The top staff investigator on the House committee scrutinizing the Jan. 6 attack on the Capitol has been fired by the state’s new Republican attorney general from his position as the top lawyer for the University of Virginia, from which he was on leave while working on the congressional inquiry.
The office of the Virginia attorney general, Jason S. Miyares, said the firing of the investigator, Timothy J. Heaphy, was not related to the Jan. 6 investigation, but the move prompted an outcry from Democrats in the state, who accused him of taking the highly unusual action as a partisan move to further former President Donald J. Trump’s attempts to undermine the committee’s work.
“This is purely payback for Jan. 6 — there is no other reason that makes any sense,” said Scott Surovell, a top Democrat in the Virginia State Senate, who said that he knew of no other similar example in recent history where a new attorney general had immediately removed a school’s top lawyer. “In our state, we normally leave those decisions to the school’s board of visitors and president.”
Victoria LaCivita, a spokeswoman for Mr. Miyares, said: “The decision had nothing to do with the Jan. 6 committee or their investigations.”
In Virginia, the attorney general oversees a range of lawyers across the state, including the top lawyers at the colleges and universities that make up the vast public higher education system. The posts are typically held by career lawyers who are rarely replaced when new attorneys general take over.
In addition to dismissing Mr. Heaphy, Mr. Miyares also had the top lawyer at George Mason University removed.
Mr. Heaphy, a Democrat who has made political donations to Hillary Clinton and Joseph R. Biden Jr., had been the top lawyer at the University of Virginia since 2018. He served as a United States attorney in Virginia during the Obama administration and is married to the daughter of Eric K. Shinseki, the retired chief of staff of the Army who served as President Barack Obama’s secretary of veterans affairs. In 2017, on behalf of the City of Charlottesville, he completed a highly critical report of how the police handled the white nationalist rally that turned violent and led to the death of one woman and injured dozens.
In a written statement, the University of Virginia sidestepped the issue of whether his dismissal had been motivated by politics, but made clear that it had no role in it.
“University leaders are grateful to Tim for his outstanding service to our community and disappointed to see it come to an end,” said Brian Coy, a spokesman for the university. “If you have further questions about this matter, I would check with the attorney general’s office, as this was their decision to make.”
Mr. Heaphy — who attended undergraduate and law school at the University of Virginia, who has long lived in Charlottesville and whose son attends the school — declined to address why he was dismissed, saying that he was “disappointed” that his time at the university had come to an end and that he was confident that the school would continue “to thrive in the days to come.”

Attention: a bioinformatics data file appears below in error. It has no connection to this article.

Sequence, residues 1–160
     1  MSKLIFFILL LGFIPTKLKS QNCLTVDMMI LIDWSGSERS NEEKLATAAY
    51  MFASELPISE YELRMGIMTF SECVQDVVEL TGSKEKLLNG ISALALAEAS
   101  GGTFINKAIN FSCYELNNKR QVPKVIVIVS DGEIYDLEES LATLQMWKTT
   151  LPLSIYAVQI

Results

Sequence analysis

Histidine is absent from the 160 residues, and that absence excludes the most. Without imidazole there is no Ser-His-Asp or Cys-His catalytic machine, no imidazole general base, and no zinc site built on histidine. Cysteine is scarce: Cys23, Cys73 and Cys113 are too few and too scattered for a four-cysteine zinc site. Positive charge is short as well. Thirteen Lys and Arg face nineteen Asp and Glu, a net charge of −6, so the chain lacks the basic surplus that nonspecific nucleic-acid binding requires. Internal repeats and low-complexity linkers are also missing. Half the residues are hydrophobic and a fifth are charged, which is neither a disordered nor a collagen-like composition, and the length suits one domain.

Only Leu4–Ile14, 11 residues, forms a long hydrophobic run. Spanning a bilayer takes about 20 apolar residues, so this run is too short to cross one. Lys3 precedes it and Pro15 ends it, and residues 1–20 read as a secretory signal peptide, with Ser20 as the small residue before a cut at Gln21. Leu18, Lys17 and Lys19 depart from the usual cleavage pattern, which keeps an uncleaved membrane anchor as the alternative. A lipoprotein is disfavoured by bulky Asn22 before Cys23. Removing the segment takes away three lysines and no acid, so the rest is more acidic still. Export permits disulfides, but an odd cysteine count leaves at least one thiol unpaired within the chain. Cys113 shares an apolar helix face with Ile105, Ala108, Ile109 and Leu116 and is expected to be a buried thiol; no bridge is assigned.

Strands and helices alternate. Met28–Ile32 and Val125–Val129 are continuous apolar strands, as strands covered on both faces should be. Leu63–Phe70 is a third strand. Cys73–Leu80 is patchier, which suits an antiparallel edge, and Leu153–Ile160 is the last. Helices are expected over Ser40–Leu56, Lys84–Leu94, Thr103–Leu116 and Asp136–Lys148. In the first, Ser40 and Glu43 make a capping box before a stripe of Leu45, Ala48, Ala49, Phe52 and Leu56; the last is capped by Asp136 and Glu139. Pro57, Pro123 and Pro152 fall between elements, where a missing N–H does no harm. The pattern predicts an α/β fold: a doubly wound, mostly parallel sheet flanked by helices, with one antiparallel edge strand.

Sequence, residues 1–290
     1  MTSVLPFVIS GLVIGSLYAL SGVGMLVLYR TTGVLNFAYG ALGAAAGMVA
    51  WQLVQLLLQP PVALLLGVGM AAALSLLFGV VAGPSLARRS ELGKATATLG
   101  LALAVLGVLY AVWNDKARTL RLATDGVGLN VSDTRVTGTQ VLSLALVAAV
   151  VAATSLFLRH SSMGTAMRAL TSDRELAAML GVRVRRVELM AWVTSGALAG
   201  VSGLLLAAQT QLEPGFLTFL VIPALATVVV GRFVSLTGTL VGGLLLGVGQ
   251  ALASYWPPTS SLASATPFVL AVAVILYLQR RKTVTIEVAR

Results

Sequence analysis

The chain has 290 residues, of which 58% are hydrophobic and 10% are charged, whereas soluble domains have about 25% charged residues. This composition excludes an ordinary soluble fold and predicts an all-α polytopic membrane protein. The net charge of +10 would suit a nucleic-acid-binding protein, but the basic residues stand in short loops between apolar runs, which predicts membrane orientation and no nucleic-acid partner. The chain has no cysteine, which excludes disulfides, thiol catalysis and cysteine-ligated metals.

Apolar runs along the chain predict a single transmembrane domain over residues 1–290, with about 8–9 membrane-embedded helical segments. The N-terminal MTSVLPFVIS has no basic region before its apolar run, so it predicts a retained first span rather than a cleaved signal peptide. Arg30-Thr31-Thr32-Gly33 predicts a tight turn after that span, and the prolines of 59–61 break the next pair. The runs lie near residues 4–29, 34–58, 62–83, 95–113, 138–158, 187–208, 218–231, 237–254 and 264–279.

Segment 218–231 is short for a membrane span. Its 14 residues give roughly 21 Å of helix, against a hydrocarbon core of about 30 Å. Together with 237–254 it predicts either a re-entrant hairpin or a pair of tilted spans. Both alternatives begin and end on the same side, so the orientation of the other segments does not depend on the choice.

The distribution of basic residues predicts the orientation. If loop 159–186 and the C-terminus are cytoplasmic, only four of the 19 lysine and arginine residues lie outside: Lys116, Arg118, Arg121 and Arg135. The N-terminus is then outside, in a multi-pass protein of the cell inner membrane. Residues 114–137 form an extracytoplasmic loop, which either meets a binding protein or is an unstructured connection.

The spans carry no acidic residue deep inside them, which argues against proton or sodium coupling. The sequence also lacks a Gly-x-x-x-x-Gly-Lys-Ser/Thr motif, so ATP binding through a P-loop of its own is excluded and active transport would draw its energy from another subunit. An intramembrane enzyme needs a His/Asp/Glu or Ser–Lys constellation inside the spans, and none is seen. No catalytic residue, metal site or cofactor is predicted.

In two statements released on Sunday, the attorney general’s office said the firing was unrelated to the Jan. 6 inquiry. In the first, to The Associated Press, Ms. LaCivita said that Mr. Heaphy had been a “controversial” hire and that the “decision was made after reviewing the legal decisions made over the last couple of years.”
Key Figures in the Jan. 6 Inquiry
“The attorney general wants the university counsel to return to giving legal advice based on law, and not the philosophy of a university,” she added.
In a subsequent statement, Ms. LaCivita said: “It is common practice for an incoming administration to appoint new staff that share the philosophical and legal approach of the attorney general. Every counsel serves at the pleasure of the attorney general.”
One top Virginia Republican said that Mr. Heaphy had angered some Republicans in the state by acting too independently in his job at the university and for his role in the university’s decision in 2020 to allow a student to post a highly critical sign about the school on their door. Mr. Heaphy had privately made the case to the school’s president that while the profanity on the sign was offensive, removing it would have infringed upon the student’s First Amendment rights.
On the House committee, Mr. Heaphy has worked behind the scenes, overseeing a staff of dozens of investigators who are examining how Mr. Trump and his allies sought to overturn the election and the Jan. 6 attack on the Capitol.
Mr. Heaphy is close to the committee’s vice chairwoman, Representative Liz Cheney, Republican of Wyoming, who has taken a highly aggressive approach to the inquiry.